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Load Test in a CICD Environment

The pace of development, adding new features, and taking business time precedence over everything can lead to rapid changes being pushed to production without the quality assurance it deserves. This puts end-users at risk of experiencing poor performance that could have been avoided with proper testing. This is why Continuous Integration and Continuous Development (CICD) comes into play to cope with introducing new bugs or at least breaking the things that worked before.

Contrary to the past when the load testing of a system was pushed to the end of a project, it is nowadays much more widely acknowledged that performance testing should start in the early stages of development. An effective solution to ensure that an application meets acceptance criteria is to build load testing into the CI or CD. However, some people might suggest that performance or reliability is a non-functional requirement that would be often left behind. In that case, if your application cannot scale well enough under peak conditions such as Black Friday, your business application is not functional anymore, and consequently, lose your customers.

How to integrate automated load testing processes into CICD?

When it comes to integrating automated load tests into the build pipeline there are some points that should be considered.

  1. Provide the dynamic and realistic test data that your load test scripts are going to use and make them available in the build pipeline. The test data can be in the form of JSON, TSV, or CSV files.

  2. Make sure test scripts are already executed.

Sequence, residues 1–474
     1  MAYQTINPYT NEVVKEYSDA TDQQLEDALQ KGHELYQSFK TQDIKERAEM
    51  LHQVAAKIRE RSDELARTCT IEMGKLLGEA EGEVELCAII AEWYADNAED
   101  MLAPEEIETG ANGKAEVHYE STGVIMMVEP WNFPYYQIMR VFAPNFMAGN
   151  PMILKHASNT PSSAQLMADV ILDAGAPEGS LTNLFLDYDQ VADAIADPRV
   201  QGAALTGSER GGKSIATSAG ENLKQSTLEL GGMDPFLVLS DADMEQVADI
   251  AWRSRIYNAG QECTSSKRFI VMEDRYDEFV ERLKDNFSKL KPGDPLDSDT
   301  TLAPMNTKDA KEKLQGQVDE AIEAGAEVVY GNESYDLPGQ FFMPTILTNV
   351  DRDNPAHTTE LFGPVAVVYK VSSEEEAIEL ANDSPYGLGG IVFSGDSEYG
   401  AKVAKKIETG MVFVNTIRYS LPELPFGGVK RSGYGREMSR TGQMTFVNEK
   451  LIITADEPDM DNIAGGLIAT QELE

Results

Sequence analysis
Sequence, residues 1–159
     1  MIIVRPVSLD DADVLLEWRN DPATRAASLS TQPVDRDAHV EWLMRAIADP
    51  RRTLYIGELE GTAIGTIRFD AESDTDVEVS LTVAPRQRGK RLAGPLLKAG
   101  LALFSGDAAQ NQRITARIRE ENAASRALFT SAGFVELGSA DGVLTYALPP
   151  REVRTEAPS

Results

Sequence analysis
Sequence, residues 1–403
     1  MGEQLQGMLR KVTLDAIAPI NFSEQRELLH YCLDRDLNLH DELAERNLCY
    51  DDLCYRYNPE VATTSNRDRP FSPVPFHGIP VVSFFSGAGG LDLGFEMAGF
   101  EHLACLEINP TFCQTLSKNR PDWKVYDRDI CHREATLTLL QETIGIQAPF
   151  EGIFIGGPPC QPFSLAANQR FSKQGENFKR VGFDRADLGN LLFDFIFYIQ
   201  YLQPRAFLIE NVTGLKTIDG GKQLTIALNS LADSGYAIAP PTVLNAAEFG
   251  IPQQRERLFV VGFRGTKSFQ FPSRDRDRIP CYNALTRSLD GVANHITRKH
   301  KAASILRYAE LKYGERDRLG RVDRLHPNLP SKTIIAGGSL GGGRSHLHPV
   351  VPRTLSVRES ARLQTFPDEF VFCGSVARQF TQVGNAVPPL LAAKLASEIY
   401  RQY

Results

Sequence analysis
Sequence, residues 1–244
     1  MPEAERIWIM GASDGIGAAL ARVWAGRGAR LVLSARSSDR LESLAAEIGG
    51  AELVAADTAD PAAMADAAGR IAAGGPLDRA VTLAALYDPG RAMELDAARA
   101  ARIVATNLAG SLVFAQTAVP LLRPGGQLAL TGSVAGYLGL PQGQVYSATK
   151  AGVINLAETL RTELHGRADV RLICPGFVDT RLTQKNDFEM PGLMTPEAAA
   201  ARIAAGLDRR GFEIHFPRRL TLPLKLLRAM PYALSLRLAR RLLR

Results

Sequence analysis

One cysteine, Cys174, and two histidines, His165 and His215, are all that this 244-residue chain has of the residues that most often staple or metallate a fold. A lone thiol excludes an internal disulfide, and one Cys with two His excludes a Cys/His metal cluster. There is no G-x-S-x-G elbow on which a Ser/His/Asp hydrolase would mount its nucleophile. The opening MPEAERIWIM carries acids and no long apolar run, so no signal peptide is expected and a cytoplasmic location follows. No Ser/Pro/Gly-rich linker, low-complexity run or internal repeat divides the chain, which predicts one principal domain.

3. Identify which tests should be run and when. Focus on most “at-risk” parts of the application.

  4. Set up a monitoring tool to measure test server metrics.

  5. Evaluate how frequently tests need to be executed.

  6. Assure your load testing tool supports CICD.

In this article, we will integrate a Gatling maven project within the Jenkins pipeline.

1. Create a JenkinsFile

Create a JenkinsFile within your project to instruct how to run Gatling by Jenkins.

pipeline {
    agent any
    stages {
        stage("Build Maven") {
            steps {
                sh 'mvn -B clean package'
        stage("Run Gatling") {
            steps {
                sh 'mvn gatling:test'
            post {
                always {

Here, there are two stages: Build Maven and Run Gatling.

2. Create a pipeline Create your own pipeline using JenkinsFile. Let’s go to the Jenkins home page, select New Item, chose Pipeline, and set a meaningful name. Now you can create a new pipeline through the Pipeline section and select the source of the script. Then you can define to have the script from the supply chain management (SCM). Set the repository URL, credentials, and Branch, and finally indicate the path of your JenkinsFiles.

3. Gatling Jenkins Plugin Install Gatling Jenkins Plugin to have a detailed report on each pipeline run and check the incoming and outgoing jobs. Navigate to settings and select Manage Jenkins.

After installing the plugin, it will be available under the “Installed” tab.

4. Run the Pipeline Go to the Jenkins home, select the pipeline that you’ve just created then click Build Now. A chart should be displayed at the end of the execution.

Now by integrating your load test script into a pipeline like Jenkins you can easily verify that changes in the code don’t cause a significant drop in performance after release. This in turn helps to improve the confidence and reliability of your application.


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